Study: Cellphones damage sperm cells
A leading fertility researcher warns men to keep their mobile phones out of their pants pockets if they want to have children.
John Aitken of the University of Newcastle in Australia says in a study published this week that cellular phones in men's pants pockets damage sperm cells and their DNA.
Unlike previous studies that tested the effect of radiation on laboratory animals, Aitken's research group examined what happens to human sperm after 16 hours of exposure to mobile phone radiation. The study's findings have been published in the journal Public Library of Science.
The study finds that a number of sperm-cell functions such as vitality motility were damaged following exposure. The DNA was also harmed. The researchers note that damage to sperm-cell function, not necessarily caused by radiation, is one of the main reasons that one out of 20 men in the world today suffer fertility problems.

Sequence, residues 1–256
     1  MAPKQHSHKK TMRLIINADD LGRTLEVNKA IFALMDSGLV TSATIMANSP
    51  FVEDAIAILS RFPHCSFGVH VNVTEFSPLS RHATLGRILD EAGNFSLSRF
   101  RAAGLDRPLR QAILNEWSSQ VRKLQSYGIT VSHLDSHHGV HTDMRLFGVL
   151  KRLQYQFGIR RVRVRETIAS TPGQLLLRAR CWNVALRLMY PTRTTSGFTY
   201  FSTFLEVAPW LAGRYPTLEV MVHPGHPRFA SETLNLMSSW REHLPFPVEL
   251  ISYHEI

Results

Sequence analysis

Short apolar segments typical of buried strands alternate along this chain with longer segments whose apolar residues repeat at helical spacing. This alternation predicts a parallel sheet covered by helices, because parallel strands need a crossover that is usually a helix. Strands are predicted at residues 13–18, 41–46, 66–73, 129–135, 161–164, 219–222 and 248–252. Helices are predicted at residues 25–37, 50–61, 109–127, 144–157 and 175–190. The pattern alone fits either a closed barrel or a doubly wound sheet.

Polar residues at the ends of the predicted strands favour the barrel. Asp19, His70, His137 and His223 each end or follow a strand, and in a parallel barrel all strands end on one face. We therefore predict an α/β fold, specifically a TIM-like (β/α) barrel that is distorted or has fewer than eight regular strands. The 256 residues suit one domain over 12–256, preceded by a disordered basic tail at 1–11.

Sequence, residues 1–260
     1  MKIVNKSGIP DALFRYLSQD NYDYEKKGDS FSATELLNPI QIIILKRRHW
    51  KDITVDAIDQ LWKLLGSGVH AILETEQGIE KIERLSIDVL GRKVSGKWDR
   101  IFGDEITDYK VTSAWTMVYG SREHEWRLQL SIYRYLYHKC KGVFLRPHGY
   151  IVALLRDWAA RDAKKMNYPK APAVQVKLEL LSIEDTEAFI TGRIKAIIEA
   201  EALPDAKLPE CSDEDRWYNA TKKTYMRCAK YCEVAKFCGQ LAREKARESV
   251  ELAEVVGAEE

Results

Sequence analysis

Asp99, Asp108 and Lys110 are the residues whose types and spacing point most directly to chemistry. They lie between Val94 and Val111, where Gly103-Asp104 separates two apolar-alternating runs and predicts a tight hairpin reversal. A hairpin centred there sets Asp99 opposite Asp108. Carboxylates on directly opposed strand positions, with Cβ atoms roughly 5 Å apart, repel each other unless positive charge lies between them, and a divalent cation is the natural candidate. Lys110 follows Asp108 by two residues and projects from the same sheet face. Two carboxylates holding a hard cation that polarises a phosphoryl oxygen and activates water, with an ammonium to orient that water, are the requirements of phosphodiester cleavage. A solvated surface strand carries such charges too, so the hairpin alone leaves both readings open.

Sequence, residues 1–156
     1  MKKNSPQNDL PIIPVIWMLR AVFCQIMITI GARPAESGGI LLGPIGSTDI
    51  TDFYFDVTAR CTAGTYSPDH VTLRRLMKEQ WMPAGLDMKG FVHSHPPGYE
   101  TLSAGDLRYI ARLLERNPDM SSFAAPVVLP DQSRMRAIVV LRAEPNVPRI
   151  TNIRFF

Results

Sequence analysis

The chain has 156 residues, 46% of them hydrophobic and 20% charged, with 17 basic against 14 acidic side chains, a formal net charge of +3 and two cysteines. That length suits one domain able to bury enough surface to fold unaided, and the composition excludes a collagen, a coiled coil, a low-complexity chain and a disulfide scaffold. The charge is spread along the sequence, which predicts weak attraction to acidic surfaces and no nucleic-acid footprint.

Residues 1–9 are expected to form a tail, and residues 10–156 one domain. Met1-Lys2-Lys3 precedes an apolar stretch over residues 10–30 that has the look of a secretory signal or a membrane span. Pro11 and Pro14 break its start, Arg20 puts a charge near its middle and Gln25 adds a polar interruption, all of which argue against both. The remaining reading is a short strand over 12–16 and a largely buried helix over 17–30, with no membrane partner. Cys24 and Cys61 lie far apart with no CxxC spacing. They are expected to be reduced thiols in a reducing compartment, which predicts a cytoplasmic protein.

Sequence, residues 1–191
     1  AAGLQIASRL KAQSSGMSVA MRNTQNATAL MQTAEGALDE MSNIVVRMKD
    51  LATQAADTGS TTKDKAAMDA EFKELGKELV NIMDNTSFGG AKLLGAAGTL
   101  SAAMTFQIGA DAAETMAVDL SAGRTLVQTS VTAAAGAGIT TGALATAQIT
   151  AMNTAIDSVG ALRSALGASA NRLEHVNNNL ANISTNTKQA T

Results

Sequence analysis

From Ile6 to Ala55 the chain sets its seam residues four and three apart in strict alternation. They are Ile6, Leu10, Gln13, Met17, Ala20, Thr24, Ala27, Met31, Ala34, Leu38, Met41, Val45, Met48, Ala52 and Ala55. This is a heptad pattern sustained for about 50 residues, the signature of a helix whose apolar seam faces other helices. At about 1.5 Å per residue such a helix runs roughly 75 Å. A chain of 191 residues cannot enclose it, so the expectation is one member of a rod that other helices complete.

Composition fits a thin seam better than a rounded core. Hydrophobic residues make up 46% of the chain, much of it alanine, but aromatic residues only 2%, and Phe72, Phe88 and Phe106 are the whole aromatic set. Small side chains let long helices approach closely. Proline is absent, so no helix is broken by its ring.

Aitken, director of the Australian Research Council's Center of Excellence in Biotechnology and Development, says the DNA damage may not have been caused by the radiation directly. Exposure to radiation causes electrons to leak from one part of a sperm cell to other parts, leading to oxidation processes that harm the DNA. The DNA damage affects other sperm-cell functions.
Microwave News, a leading Web site covering health and safety issues related to exposure to electromagnetic radiation, says the current study confirms Aitken's study from 2005, which established a relationship between the use of mobile phones and reduced fertility among men.
"After 16 hours exposure, there was clear evidence of DNA damage," Aitken is quoted in Microwave News from an address at a fertility conference in Brisbane last fall.